Both ccontrol and csession expect to find the registry in the same directory where their executable was found. For security reasons, ccontrol verifies that the protection on the registry is root as the owner and writable only by root.
Tru64 UNIX®
For Tru64 systems, unlike other UNIX® file systems, group ownership does not come from the group id of the creating process. Instead, the group ID of the file is set to the group ID of its parent directory.
However, when the vfs subsystem attribute “sys_v_mode” is set to 1, the group ID of the file is set either to the group ID of the process or, if the S_ISGID bit of the parent directory is set, to the group ID of the parent directory If the group ID of the new file does not match the effective group of the process or one of its supplementary group IDs, the S_ISGID bit of the new file is cleared.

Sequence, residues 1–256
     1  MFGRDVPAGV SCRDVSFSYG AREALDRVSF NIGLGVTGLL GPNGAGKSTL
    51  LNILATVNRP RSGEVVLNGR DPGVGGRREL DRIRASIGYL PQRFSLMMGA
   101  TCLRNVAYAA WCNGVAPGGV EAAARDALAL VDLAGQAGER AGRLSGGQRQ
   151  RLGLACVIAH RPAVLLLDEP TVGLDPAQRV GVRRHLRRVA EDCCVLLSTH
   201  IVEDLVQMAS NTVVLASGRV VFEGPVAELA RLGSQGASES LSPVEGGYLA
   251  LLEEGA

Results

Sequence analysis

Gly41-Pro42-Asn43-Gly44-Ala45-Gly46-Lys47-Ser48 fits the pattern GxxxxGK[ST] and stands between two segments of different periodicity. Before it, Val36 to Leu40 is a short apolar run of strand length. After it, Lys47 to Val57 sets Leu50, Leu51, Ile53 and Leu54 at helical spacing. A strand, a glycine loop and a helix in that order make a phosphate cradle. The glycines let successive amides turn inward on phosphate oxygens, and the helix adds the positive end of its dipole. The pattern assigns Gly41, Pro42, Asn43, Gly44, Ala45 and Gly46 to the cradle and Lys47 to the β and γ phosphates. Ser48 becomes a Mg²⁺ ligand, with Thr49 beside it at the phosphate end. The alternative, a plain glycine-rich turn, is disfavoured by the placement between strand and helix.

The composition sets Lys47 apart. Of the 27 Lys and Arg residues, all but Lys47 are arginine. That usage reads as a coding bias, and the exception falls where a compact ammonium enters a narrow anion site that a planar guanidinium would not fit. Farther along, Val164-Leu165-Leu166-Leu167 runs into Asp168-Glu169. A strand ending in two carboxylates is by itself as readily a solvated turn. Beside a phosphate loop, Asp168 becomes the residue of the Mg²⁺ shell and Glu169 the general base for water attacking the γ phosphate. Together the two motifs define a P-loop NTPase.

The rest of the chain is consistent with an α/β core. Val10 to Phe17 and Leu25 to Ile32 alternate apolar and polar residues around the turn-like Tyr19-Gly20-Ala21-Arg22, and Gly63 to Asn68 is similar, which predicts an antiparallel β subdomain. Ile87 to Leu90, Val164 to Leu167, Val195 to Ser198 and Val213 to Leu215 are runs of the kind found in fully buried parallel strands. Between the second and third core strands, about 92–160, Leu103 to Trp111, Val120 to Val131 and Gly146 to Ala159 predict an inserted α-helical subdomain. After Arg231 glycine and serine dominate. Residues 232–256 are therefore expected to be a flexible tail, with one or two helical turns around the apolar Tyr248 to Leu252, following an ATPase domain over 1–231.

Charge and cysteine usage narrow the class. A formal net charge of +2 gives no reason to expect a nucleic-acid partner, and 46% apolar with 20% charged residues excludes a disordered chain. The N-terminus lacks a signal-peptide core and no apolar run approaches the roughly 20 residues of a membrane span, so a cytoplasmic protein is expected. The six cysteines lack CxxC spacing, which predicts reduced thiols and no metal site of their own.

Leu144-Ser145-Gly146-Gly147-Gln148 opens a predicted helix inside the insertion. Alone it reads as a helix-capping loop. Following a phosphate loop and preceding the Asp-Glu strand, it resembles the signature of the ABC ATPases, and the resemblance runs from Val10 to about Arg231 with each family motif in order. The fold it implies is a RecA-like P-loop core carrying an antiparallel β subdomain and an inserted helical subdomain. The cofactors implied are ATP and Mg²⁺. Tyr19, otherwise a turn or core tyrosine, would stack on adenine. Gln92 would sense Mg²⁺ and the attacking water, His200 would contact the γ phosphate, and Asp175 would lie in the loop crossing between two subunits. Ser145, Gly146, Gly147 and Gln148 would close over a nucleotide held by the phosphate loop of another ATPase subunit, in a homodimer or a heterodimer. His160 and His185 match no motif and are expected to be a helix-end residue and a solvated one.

In general, this will present no problems since the groupid of all directories created by Caché utilities is properly set to the correct group owner. But there are circumstances which can cause problems. For example, if an administrator uses ^DATABASE to create a database in an nonexistent directory, ^DATABASE will create the directory, but it does not adjust the groupid of the newly-created directory, which is inherited from the parent directory. As a result, the database, with its groupid inherited from the directory, may be inaccessible to cacheusr. Other Cache utilities (e.g., journal and shadow) that create directories have the same problem.